How Michael Jackson Was Injured During One Of His Shows

Apart from the hits, the life of Michael Jackson was one messy event after another. Starting with his tragic upbringing and ending with the unfortunate circumstances of his untimely death, Jackson's time in the public eye was characterized by eccentric behavior that challenged the loyalty of his fan base to its very core. But it was also made up of unfortunate events that were, quite frankly, out of Jackson's personal control, and which, some have argued, would shape the course of his life.

The circumstances of his death are directly related to some of these misfortunes. According to i News, the cause of Jackson's death was an overdose of a cocktail of prescription painkillers, drugs to which Jackson had been addicted for years, and which were readily given to the singer in vast quantities by his personal physician, Conrad Murray. Murray was eventually convicted of involuntary manslaughter in relation to Jackson's June 25, 2009 death.

Addiction to painkillers is not uncommon in show business, a fact that became abundantly clear when Jackson's musical contemporary and friendly rival Prince also passed away due to an overdose in 2016. And while addictive behavior is common to people who, like Jackson, lived through childhood trauma, it is possible to identify the times of great physical pain when the singer may have unfortunately gotten hooked.

Michael Jackson's 1984 pyrotechnics accident

Some absolutely atrocious accidents have befallen musicians over the years, including Jackson. One which made headlines at the time and which has stuck in the collective memory Jackson's terrible accident in January 1984, when the King of Pop was on stage in Los Angeles performing a version of his hit single "Billie Jean," which was being filmed as part of a Pepsi commercial.

According to BT, Jackson danced too close to the stage pyrotechnics, which ignited his hair, full of product, including the highly flammable pomade. The singer continued performing for some seconds before being tackled to the ground by stagehands and fellow members of The Jacksons, who were also on stage at the time, and the flames were beaten out. Jackson suffered second and third-degree burns, which were treated at the nearby Cedars-Sinai Medical Center, and where he was prescribed strong sedatives as well as Darvocet, a powerful painkiller which, according to BT, was later banned because of its adverse side effects.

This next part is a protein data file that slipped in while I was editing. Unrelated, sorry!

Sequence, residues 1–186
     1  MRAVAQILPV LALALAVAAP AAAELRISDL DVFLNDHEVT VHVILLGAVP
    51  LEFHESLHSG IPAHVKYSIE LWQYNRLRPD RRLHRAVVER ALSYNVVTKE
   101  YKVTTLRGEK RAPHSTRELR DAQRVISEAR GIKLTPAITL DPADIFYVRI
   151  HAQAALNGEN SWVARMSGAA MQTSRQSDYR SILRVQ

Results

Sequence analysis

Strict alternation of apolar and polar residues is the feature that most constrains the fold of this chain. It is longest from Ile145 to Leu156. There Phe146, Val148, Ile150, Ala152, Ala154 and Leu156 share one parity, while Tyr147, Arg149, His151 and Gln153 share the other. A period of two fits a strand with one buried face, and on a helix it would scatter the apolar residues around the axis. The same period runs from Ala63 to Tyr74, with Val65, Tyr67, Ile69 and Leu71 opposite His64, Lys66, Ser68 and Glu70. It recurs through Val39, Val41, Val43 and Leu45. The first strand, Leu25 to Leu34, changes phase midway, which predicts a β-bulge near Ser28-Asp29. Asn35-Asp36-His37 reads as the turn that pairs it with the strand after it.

Many believed that Jackson would sue Pepsi for the accident, which also left him partially bald and relying on wigs for the rest of his life. Instead, he asked the company to build a burns treatment center in Culver City, one of the places he was treated, according to the Los Angeles Times.

Michael Jackson was injured on stage more than once

Following the incident, Jackson began to suffer intolerable migraines, which, according to the Los Angeles Times, would continue to plague the singer for the rest of his life. When footage of the incident emerged following Jackson's death in 2009, however, not everyone was convinced that the moment in question was the direct cause of the drug dependency that would eventually kill him.

Speaking to ABC News, Jackson's close friend Miko Brando claimed: "Yes, it was an accident. Yes, he took medicine. Yes, the doctors gave him medicine," but told the interviewer that to say this incident alone was the cause of what came later was not justified. The drugs that were meant to help him instead abruptly ended his life and, on the eve of a hugely anticipated return to live performance, shocked the singer's millions of devoted fans around the world.

The truth is that the Pepsi incident was not Jackson's only on-stage accident. At a concert in Munich in 1999, a suspended plinth on which Jackson was performing fell unexpectedly "three to four stories" to the ground, and, while Jackson appeared unhurt in the surviving footage and continued to perform, witnesses claim that he then collapsed backstage, left with lifelong back pain, according to Los Angeles Times. Another friend of Jackson's, Karen Faye, was present at the accident, and claims Jackson told later told her: "I can't disappoint the audience."